When you start a new hobby, like camping, you get to experience a whole new echelon of individuals, and you obtain another view on life.  But meeting new people is the driving force of this culture.  When you walk around a campground after backing a camper into your spot (on the first try), there’s a sense of comradery without the awkward “getting to know you phase” because you’re all on the same page.  You’re all there for the same reason.

So, after setting up our camper for the first time, a couple directly to the right of us invited us over for dinner.  They didn’t even know our names yet, but immediately provided hospitality with open arms.  And aside from having a great burger, I inadvertently got new clients.  They had mentioned how they purchased a vacant property at tax sale to ultimately be used to park their camper.  They figured it was a done deal because the county sold them the property.  And I had to be the bearer of bad news to inform them that the county only sells the interest in the property that the county holds, and nothing more. 

As my wife and I kept using our camper for subsequent trips, we met numerous people along the way.  And through these encounters, there were countless legal issues that I was able to assist fellow campers with.  And given that I am a general practitioner, the range of legal issues that can be implicated with a camper spread throughout all areas of my practice, such as real estate, (should I sell my house and tour the country in an RV?), estate planning (who gets my RV when I go?), contract disputes (I bought a camper that wasn’t what I paid for), criminal law (I was a struggling high school chemistry teacher who discovered that I had a knack for cooking narcotics in my RV but the cops came a knockin’!), and personal injury, which has a whole area of legal implications, particularly involving unique insurance issues, catastrophic collisions, and even contentious property damage disputes.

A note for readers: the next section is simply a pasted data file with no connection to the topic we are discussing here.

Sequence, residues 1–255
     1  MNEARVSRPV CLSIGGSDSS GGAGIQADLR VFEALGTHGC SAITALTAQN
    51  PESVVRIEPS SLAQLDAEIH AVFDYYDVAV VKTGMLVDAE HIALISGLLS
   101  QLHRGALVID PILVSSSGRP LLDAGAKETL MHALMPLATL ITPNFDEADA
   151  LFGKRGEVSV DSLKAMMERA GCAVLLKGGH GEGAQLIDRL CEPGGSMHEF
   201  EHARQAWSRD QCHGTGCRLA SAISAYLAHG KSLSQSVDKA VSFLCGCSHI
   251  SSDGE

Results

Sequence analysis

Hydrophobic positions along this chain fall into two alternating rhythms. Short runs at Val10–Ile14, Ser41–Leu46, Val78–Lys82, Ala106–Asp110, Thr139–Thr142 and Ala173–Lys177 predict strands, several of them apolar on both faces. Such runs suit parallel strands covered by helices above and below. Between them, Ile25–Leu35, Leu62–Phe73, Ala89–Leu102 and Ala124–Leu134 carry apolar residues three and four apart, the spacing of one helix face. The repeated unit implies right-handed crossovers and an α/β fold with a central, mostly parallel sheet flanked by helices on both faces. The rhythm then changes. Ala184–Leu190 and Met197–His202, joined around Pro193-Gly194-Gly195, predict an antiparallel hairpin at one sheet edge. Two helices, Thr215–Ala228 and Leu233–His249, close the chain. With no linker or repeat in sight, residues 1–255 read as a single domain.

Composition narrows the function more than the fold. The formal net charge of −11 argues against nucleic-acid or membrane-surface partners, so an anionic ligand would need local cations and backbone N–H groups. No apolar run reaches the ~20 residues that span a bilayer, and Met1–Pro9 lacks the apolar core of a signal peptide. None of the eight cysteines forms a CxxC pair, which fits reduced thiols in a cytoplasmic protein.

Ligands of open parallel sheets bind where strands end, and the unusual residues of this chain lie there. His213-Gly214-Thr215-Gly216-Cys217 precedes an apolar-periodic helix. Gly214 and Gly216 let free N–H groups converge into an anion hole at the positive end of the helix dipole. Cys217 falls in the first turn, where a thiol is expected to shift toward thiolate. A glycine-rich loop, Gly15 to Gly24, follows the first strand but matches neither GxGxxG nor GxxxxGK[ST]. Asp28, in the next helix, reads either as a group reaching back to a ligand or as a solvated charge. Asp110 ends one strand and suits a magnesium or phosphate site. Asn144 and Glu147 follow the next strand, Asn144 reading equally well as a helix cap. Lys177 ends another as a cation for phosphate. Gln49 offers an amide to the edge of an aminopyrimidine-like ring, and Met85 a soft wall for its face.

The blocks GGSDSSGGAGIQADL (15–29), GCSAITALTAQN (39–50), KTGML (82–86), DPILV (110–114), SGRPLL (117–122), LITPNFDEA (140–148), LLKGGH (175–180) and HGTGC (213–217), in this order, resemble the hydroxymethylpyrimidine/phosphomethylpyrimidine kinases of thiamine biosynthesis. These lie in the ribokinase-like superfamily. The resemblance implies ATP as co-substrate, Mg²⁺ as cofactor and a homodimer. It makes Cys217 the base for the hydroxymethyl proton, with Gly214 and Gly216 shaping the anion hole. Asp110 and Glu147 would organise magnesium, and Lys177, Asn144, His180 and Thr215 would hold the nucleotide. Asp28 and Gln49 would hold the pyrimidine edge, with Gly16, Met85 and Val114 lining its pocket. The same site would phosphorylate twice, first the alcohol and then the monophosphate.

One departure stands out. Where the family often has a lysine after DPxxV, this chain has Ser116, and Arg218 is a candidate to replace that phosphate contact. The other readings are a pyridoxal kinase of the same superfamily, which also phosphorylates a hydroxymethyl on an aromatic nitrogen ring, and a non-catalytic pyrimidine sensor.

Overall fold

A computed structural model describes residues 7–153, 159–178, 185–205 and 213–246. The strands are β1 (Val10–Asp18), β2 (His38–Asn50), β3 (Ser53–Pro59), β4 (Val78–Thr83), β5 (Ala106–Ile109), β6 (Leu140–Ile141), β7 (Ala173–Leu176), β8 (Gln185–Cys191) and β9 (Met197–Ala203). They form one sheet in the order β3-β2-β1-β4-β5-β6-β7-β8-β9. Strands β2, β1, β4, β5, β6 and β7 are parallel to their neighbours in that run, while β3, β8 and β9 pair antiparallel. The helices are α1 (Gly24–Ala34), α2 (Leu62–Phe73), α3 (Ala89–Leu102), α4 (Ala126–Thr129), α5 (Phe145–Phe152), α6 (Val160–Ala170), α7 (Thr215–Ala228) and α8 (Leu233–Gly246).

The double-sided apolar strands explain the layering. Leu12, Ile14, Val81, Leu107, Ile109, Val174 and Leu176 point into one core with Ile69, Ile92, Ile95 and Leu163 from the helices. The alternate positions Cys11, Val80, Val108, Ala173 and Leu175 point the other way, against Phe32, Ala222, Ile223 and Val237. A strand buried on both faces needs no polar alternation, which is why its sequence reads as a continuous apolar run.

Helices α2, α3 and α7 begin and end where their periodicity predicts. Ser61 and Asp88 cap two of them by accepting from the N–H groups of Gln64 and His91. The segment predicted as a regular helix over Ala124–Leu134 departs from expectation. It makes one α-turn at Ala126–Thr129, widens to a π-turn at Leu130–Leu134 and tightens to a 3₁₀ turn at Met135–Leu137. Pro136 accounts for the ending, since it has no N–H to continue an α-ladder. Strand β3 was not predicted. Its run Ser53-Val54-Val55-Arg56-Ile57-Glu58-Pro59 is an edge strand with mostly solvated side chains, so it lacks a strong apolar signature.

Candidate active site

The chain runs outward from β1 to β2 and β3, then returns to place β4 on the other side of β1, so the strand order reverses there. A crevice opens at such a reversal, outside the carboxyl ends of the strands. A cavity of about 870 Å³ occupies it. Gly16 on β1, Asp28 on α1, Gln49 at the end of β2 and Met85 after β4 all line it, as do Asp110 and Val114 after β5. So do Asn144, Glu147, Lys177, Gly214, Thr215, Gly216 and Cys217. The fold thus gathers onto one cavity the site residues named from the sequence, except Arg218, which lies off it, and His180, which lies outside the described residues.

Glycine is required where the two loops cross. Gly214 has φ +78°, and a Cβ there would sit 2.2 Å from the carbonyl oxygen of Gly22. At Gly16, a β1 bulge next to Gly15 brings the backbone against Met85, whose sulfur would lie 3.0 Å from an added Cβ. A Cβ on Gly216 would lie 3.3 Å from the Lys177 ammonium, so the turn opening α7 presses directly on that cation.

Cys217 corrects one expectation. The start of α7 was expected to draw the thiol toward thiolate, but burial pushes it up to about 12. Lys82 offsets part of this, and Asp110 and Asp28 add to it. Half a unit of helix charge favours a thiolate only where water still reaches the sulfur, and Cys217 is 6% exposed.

Owning a camper is a seventh grader’s dream come true.  It’s a wonderful way to get away from it all.  It’s an incredible way to create memories with your family and RV sales are at an all-time high.  If you find yourself about to start this new hobby and join this culture, remember that there can be a plethora of associated legal issues, and Hart Law can handle just about all of them.

Cheryl’s Cuisine: June 2022

By Cheryl Radkiewicz

Within the past two weeks, I’ve received notices that two of my favorite cooking magazines have ceased publication….Fine Cooking and Rachael Ray.  This is just a small part of our “changing times”.  

When I was growing up, my mother used to subscribe to McCall’s Magazine.  I was always awaiting the Betsy McCall cut -outs with new outfits each month.  For younger readers, I’m sure you have no idea what I’m referring to.

Anyway, moving on to the early 1970’s, McCall’s started publishing McCall’s Cooking School.  This was one of my first experiences in tackling some new recipes.  Eventhough I made my first “from scratch” eclair in Fourth Grade, I was always challenged to make new and exciting recipes.  

As I still have these magazines treasured in my home, I am paying homage to cooking magazines, past and present, with some recipes that I cooked, and still do, from McCall’s.

Chicken Breasts Tarragon:

4 whole chicken breasts (about 1 lb.) each
2 Tbsp. salad or olive oil
2 Tbsp. butter or margarine
6 shallots, chopped
2 pared carrots, sliced into ¼” rounds
¼ cup Cognac or brandy
1 cup dry white wine
¼ cup chopped fresh tarragon or 2 tsp. dried tarragon leaves
1 tsp. salt
1/8 tsp. pepper
1 cup light cream
1 egg yolk
1 Tbsp. flour
½ lb. mushrooms, washed and thinly sliced
2 Tbsp. butter or margarine
Sprigs of tarragon for garnish

Bone chicken breasts; wash and dry.  (Or buy them already boneless).  Remove skin; cut breast in half.  In 6 quart Dutch oven, heat oil and 2 Tbsp. butter.  Add chicken breasts, half at a time, enough to cover bottom of pan; saute’, turning on all sides, until brown. Remove chicken as it browns.  Brown rest of chicken.  

To drippings in Dutch oven, add shallot and carrot; saute, stirring 5 minutes or until golden.  Return chicken to Dutch oven; heat.  When hot, add Cognac or brandy, white wine, chopped tarragon, salt and pepper.  Bring to boiling,  reduce heat and simmer gently, covered, 30 minutes.  Remove chicken to heated serving platter; keep warm.  Strain drippings in Dutch oven, return to Dutch oven.  In small bowl combine cream, egg yolk and flour; mix well with wire whisk.  Stir in drippings in Dutch oven; bring just to boiling, stirring.  Add more wine if sauce seems too thick.  Meanwhile, saute’ mushrooms in hot butter 5 minutes, until tender.  Spoon sauce over chicken.  Garnish with tarragon and mushrooms.  Serves 8.

***

Vichyssoise:

1 lb. leeks
½ cup chopped onions
¼ cup butter or margarine